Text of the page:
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This book has a lot to say. Much of it in the introduction. This one reads like a thesis with all its quotes and footnotes and name dropping. So much so that you get a little lost trying to figure out whose words you are reading. And we needn’t try so hard to impress the reader with your extensive vocabulary. It makes it hard to read. 

In Defense of Witches discusses how witches are/were portrayed and that men and women alike have been trying for thousands of years to keep women from getting to that point. That point, though, is that people age. Men are not expected to do everything they can to prevent it but women are. This essay discusses how, perhaps, women should embrace the actual witch of yore and live their lives without succumbing to the pressure to stay young. Don’t worry about what other people think - be you!  Witch trials be damned.

I think this could read a lot better in the authors own words, rather than endless citations and whole pages of snippets from other works. I was given an ARC for my honest review.
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Thank you Netgalley and St. Martin's Press for the arc of this book! I'm trying to read more nonfiction but I'm not sure this one was for me. There were a great number of quotations that felt distracting and made the book feel overly long. I liked the references to things I remember either watching or reading and the book gave me an insight that I didn't have then. I really loved that I learned a lot form the book I just wish it had been easier to read. I think someone who is more used to reading nonfiction would love this because it really opened my eyes to new ideas. 3.5 stars rounded up to 4.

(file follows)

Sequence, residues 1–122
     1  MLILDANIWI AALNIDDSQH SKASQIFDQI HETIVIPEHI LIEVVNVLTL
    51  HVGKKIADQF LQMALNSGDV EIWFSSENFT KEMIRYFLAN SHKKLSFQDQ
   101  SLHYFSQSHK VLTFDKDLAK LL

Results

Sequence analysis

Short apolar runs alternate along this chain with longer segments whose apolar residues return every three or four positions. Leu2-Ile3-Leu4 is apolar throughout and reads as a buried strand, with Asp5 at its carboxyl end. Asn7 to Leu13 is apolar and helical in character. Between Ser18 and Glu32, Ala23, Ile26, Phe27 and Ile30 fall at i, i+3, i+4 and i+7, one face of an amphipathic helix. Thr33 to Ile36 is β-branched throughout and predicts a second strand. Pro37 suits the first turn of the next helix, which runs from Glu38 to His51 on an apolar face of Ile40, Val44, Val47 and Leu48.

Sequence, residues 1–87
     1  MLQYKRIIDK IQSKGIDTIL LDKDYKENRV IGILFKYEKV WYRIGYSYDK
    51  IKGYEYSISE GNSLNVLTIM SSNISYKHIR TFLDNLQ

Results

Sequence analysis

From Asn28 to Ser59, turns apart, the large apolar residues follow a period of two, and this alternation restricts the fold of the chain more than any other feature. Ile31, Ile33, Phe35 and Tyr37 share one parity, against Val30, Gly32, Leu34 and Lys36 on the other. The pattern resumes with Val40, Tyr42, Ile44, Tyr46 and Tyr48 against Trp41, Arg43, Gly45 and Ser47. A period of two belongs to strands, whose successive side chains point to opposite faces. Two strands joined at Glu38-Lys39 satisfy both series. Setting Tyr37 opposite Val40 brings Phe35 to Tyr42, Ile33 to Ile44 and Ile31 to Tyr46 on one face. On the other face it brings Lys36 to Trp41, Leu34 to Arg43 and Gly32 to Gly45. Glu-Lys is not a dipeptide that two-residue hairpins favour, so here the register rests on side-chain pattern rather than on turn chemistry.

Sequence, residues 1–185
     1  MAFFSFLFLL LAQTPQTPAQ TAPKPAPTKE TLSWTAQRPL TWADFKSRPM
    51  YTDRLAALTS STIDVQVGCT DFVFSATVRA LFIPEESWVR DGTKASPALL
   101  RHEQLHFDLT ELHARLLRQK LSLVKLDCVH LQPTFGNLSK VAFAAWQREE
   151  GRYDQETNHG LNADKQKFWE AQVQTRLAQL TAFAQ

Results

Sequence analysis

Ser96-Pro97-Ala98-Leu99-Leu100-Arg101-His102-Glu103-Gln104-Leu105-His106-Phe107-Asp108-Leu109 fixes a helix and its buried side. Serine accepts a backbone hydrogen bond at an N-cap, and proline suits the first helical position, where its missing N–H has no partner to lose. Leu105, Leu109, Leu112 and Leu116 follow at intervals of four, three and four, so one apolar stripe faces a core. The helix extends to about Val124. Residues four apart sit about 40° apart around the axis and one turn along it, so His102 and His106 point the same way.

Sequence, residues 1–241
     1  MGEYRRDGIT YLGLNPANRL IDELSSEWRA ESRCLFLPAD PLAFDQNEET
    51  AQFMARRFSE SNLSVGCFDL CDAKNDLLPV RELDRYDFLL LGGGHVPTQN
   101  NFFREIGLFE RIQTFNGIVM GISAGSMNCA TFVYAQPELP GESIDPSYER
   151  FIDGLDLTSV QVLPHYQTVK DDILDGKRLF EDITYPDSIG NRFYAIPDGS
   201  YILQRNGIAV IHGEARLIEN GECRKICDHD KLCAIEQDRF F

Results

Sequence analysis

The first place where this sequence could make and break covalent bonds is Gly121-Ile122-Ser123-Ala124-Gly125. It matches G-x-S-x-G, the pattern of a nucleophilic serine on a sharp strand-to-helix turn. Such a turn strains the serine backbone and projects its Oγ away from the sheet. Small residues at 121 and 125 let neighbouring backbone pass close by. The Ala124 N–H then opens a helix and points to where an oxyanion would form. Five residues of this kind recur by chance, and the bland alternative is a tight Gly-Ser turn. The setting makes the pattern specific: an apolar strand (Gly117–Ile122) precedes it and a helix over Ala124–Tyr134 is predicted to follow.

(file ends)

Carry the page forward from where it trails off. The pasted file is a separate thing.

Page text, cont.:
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The author is witty charming & able to present many things palatably. I enjoyed the book and agree with the basis of the stereotypes & outcasts as well as the amount of  history in the book. I just looked at my notes & found them too heavy & grueling so will leave  this as  a good modern book on feminism that is progressive & tried to be more inclusive.
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In Defense of Witches by Mona Chollet is a very well-researched yet very accessible look at how the witch hunts and the popular perceptions of witches has persisted to this day in different form but with the same intent.

While some would like a Readers Digest version of the book and have it stop after the introduction, it is in the details where the commonalities between witch hunts and current patriarchal restraints, both subtle and blatant, become evident. Just saying it is so does little to convince anyone, but showing instance after instance, interspersed with feminist theory, pulls the rug out from under any doubters.

It is often in the more low-key elements of culture that seeds are planted that grow into the timber that supports the patriarchy, so Chollet offers many instances from popular culture to highlight just how society tries to "keep women in line." If you've read or watched some of the texts discussed, you'll probably want to revisit them. Not only to see what you may have overlooked but to also better understand how to actively engage with other texts in the future.

I was personally most interested in the ways that the witch hunts we widely think of as a thing of the past have simply morphed into more subtle, and in some ways more sinister, forms of control and punishment. Looking at the information as laid out for the reader, I have a much better understanding and appreciation for the various ways women can and do re-appropriate not only words but indeed their own sexuality and make them work to their benefit and happiness rather than as means of controlling them.